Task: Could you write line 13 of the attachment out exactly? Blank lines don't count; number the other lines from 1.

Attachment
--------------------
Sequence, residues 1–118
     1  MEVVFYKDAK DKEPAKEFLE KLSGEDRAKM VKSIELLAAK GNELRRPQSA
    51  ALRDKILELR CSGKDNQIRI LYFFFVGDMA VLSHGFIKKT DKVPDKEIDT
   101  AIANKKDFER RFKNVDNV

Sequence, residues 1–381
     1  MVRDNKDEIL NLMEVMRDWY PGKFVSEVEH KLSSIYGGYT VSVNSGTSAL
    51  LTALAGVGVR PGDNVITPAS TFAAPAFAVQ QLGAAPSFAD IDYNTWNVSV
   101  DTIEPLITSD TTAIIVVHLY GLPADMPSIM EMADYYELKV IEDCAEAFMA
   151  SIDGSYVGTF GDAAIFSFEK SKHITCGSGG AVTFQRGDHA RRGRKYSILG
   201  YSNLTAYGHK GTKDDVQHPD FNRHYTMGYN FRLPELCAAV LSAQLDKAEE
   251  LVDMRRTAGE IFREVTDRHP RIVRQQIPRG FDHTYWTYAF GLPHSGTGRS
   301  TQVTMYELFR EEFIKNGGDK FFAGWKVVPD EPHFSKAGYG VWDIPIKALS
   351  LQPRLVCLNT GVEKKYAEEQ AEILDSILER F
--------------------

   351  LQPRLVCLNT GVEKKYAEEQ AEILDSILER F